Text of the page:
Organizational StructureArchitecting the structure of an organization including its divisions, departments and teams. For example, a startup that launches an internal customer service department to replace outsourced customer service functions.
Roles & ResponsibilitiesA critical element of organizational structure that specifies who is responsible for what. This often creates a hierarchy of reporting lines.
Business UnitsBusiness units are an element of organizational structure that specify what team is responsible for what products, services, revenue, cost and business risk.
PrinciplesPrinciples are foundational statements that are established to guide future decisions. These include values and statements of how you will conduct your business. For example, the principle that you will never sacrifice long term results for short term gains.
PoliciesPolicies are rules that are specific enough to enforce. For example, a hotel chain that establishes a rule that staff will not speak of customers in a negative way at work.
ProcessesBusiness processes including overhead such as performance management and operations such as order fulfillment.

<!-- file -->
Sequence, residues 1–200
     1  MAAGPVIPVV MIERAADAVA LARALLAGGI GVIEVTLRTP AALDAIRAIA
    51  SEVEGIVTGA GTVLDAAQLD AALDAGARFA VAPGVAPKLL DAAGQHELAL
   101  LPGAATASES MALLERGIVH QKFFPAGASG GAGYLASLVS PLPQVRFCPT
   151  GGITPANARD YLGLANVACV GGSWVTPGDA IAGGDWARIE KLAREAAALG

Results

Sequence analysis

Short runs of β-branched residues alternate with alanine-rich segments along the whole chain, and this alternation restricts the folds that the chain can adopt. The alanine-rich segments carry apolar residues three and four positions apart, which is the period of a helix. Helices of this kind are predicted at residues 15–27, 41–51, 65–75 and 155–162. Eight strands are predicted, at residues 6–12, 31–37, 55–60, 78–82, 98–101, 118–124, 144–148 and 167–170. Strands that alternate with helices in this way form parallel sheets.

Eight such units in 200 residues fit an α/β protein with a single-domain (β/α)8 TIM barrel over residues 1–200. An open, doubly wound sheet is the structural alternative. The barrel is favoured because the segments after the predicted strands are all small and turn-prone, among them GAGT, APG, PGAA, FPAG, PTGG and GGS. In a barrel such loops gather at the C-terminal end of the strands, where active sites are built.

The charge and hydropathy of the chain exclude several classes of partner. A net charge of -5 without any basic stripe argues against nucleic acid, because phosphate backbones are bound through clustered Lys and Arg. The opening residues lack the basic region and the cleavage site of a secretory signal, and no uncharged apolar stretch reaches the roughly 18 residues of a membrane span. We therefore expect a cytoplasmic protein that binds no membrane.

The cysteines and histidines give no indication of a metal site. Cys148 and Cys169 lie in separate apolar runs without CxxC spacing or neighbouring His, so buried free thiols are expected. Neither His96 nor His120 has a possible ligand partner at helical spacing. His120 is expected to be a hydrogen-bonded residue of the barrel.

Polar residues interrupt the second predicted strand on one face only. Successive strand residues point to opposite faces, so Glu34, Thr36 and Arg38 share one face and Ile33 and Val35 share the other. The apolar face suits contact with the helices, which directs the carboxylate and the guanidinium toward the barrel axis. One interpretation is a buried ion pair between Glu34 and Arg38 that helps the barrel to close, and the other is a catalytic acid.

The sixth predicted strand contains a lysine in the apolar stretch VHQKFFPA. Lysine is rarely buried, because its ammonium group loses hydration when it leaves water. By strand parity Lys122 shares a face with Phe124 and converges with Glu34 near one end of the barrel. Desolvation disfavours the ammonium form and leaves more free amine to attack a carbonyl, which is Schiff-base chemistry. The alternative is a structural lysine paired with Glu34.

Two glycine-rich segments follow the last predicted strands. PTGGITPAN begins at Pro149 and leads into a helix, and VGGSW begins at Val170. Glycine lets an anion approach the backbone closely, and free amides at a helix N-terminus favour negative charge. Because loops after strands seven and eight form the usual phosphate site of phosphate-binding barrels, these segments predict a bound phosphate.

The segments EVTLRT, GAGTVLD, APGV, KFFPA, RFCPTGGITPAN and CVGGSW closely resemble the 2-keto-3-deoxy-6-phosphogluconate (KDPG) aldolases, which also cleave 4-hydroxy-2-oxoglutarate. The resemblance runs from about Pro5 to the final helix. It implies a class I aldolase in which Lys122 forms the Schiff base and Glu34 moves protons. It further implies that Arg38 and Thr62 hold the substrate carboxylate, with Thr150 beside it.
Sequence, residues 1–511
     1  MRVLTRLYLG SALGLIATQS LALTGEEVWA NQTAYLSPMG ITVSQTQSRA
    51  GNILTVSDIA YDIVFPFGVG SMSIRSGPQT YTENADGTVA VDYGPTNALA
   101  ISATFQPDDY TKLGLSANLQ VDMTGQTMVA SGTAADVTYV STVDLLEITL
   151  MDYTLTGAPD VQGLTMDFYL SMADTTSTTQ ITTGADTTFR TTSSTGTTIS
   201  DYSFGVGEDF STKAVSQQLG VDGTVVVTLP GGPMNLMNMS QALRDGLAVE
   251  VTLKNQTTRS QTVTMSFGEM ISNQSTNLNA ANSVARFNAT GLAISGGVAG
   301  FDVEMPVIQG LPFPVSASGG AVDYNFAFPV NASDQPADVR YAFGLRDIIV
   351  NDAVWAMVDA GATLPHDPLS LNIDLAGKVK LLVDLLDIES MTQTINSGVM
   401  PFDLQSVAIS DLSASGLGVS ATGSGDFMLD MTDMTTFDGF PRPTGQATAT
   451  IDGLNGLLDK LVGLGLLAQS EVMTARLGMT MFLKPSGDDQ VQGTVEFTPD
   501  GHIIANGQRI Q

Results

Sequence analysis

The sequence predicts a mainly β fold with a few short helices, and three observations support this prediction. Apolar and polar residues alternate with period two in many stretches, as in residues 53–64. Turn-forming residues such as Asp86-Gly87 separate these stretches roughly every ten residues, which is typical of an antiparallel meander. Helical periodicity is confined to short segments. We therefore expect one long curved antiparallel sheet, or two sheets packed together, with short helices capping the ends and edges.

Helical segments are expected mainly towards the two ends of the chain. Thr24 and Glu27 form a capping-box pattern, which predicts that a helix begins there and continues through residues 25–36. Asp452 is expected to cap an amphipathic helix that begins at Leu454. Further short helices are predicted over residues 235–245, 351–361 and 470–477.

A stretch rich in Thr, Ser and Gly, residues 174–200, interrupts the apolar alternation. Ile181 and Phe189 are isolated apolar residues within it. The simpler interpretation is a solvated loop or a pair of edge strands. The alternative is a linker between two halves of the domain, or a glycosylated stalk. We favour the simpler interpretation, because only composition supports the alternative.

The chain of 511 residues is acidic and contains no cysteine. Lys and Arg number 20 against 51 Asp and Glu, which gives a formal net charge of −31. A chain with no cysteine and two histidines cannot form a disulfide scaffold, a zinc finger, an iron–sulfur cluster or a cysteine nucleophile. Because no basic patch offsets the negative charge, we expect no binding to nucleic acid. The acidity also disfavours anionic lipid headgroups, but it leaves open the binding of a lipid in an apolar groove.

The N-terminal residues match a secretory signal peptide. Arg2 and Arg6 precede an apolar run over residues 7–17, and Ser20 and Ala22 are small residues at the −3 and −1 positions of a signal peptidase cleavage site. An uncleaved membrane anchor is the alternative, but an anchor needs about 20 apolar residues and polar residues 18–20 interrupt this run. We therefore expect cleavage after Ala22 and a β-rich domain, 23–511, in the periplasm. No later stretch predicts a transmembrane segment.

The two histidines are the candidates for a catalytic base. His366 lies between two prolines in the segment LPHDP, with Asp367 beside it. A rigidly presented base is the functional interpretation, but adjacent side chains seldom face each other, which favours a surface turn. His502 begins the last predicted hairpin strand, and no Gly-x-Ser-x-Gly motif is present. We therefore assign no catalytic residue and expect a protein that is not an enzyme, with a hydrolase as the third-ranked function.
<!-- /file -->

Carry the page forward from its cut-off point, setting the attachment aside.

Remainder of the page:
Internal ControlsInternal controls are implementations of policies and processes. For example, a disclosure form for managers to disclose existing relationships with new hires. This may trigger processes such as an independent review and approval to hire a friend or former colleague.
Business CapabilitiesMapping out what an organization does and how this is measured. For example, an ecommerce firm that identifies hundreds of customer service functions such as closing an account with metrics for each that flow into a dashboard.
Business ArchitectureBusiness architecture is essentially another term for organizational design. This tends to be somewhat detailed and may include things like how business capabilities map to systems and data.
Technology ArchitectureTechnology Architecture, also known as IT Architecture or Enterprise Architecture, is the structural design of your information technologies. This can be mapped to business capabilities. For example, mapping how a business capability such as billing maps to systems and data.
RestructuringRestructuring indicates a major change to the structure of a business. This can be driven by expansion or retrenchment. For example, a firm that closes a line of business due to risk, cost or failures.
NotesIt is a mistake to think that organization design is an HR function. It is in fact an executive function that cuts to the core of strategy and operations. However, HR is often, but not always, involved in implementing organization design.
|Overview: Organization Design
The structural and operational design of an organization.
Also Known As
Organizational DesignOrganizational Structure